On day 28, proportions of those without a history of COVID-19 who developed anti-RBD antibodies were similar (P = 0.6) in MHD patients (19/24 [79%]) and controls (28/33 [85%]). All participants with prior COVID-19 mounted an anti-RBD response, except 1 MHD patient who was first qPCR positive on the day of first vaccination. Anti-RBD levels were not statistically different in MHD patients and controls, both in groups with and without prior COVID-19 (Table 2). The humoral response in MHD patients was sustained until day 77. Responders to the vaccine did not differ from nonresponders in demographics and comorbidities (Table 1, Table S1), except for the presence of anti-N antibodies (more prevalent in responders, P = 0.04) and liver disease (more prevalent in nonresponders, P = 0.007). By June 1, 2021, no case of severe COVID-19 was observed in MHD patients or in controls.
      Table 2Immune Response to SARS-CoV-2 Vaccination Among MHD Patients and Controls
      Comparison Between Groups on Day 28 After First DoseLongitudinal Follow-up in MHD Patients
      ControlsMHDPDay 49Day 77
      No history of COVID-19
      No. of participants33242422
      Presence of anti-N antibodies0 (0%)0 (0%)0 (0%)0 (0%)
      Presence of anti-RBD antibodies28 (85%)19 (79%)0.621 (88%)20 (91%)
      Anti-RBD antibodies, U/mL199 [9-250]25 [5-250]0.4190 [33-250]118 [26-250]
      History of COVID-19
      No. of participants1210
      Including the 2 MHD patients who tested positive for severe acute respiratory syndrome coronavirus 2 (SARS-CoV-2) by quantitative polymerase chain reaction (qPCR) on a nasopharyngeal swab on the day of the first vaccine dose.
      1010
      Presence of anti-N antibodies12 (100%)7 (70%)
      Including the 2 MHD patients who tested positive for severe acute respiratory syndrome coronavirus 2 (SARS-CoV-2) by quantitative polymerase chain reaction (qPCR) on a nasopharyngeal swab on the day of the first vaccine dose.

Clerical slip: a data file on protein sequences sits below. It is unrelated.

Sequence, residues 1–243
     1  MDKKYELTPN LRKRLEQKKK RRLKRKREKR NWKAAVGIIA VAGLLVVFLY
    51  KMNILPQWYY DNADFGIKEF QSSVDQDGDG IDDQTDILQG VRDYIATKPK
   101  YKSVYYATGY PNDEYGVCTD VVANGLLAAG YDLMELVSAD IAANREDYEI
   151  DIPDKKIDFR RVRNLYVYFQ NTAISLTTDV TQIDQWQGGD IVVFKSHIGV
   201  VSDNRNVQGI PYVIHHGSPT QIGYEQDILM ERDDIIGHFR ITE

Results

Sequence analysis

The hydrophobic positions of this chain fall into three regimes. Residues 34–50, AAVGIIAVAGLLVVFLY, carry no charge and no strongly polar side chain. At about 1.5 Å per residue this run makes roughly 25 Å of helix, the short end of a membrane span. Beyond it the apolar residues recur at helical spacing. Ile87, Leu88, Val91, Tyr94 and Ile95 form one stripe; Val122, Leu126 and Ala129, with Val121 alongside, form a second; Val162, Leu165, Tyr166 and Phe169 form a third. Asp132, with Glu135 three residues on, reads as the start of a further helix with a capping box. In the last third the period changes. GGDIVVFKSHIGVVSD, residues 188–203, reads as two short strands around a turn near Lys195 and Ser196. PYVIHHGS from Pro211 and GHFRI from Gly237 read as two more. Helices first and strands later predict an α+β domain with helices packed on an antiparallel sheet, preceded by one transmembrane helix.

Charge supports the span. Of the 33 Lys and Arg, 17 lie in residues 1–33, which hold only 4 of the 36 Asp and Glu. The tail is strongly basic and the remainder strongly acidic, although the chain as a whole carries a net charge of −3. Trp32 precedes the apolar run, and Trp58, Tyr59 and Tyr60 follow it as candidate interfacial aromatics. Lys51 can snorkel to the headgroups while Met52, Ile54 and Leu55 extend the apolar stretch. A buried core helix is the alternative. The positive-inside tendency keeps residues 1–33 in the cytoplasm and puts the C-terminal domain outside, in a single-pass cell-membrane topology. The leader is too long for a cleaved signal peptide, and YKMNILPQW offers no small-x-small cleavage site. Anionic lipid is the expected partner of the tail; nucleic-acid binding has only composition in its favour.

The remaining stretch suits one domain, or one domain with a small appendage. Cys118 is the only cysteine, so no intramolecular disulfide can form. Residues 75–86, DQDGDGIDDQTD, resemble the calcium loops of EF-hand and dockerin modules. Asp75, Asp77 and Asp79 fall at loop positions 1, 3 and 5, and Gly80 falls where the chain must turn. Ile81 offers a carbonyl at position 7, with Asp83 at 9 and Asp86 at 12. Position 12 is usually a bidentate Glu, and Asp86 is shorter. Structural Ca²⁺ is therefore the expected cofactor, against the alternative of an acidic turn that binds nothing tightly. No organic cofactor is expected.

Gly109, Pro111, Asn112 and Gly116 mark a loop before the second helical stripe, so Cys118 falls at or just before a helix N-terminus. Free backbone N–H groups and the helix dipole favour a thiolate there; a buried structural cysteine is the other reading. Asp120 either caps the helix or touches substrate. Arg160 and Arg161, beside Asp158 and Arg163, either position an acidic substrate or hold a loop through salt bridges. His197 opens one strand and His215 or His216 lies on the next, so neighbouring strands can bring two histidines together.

0.049 (90%)9 (90%)
      Anti-N antibodies
      Cut-off index (chemiluminescent signal of sample/cut-off value).
      94 [34-158]25 [1-56]0.850 [13-64]44 [31-59]
      Presence of anti-RBD antibodies12 (100%)9 (90%)0.310 (100%)10 (100%)
      Anti-RBD antibodies, U/mL250 [250-250]250 [250-250]0.6250 [250-250]250 [250-250]
      Values given as count (%) or median [interquartile range].
      a Including the 2 MHD patients who tested positive for severe acute respiratory syndrome coronavirus 2 (SARS-CoV-2) by quantitative polymerase chain reaction (qPCR) on a nasopharyngeal swab on the day of the first vaccine dose.
      b Cut-off index (chemiluminescent signal of sample/cut-off value).
      Around 80% of the included nursing home residents on MHD mounted anti-RBD antibodies 1 week after the second BNT162b2 dose, despite advanced age and multiple comorbidities. Moreover, the humoral response was sustained until day 77 after the first dose. Nevertheless, although this did not reach statistical significance (likely owing to the small sample size), anti-RBD level on day 28 was lower in MHD patients than in controls without COVID-19 history (25 and 199, respectively). Yet, no severe COVID-19 was observed among MHD patients by June 1, 2021; however, their lower peak antibody titers may be associated with a shorter duration of clinical efficacy, as observed with other vaccines.
      • Labriola L.
      • Jadoul M.
      The decades-long fight against HBV transmission to dialysis patients: slow but definite progress.
      Grupper et al
      • Grupper A.
      • Sharon N.
      • Finn T.
      • et al.
      Humoral response to the Pfizer BNT162b2 vaccine in patients undergoing maintenance hemodialysis.
      recently documented a humoral response in 54 of 56 (96%) vaccinated MHD patients. However, their patients were younger (mean age 74) and did not have serologic testing for prior COVID-19, and the level of anti-RBD antibodies was measured 1 month after the second vaccine dose, all factors potentially complicating comparison with our results.
      • Walsh E.E.
      • Frenck R.W.
      • Falsey A.R.
      • et al.
      Safety and immunogenicity of two RNA-based Covid-19 vaccine candidates.
      ,
      • Krammer F.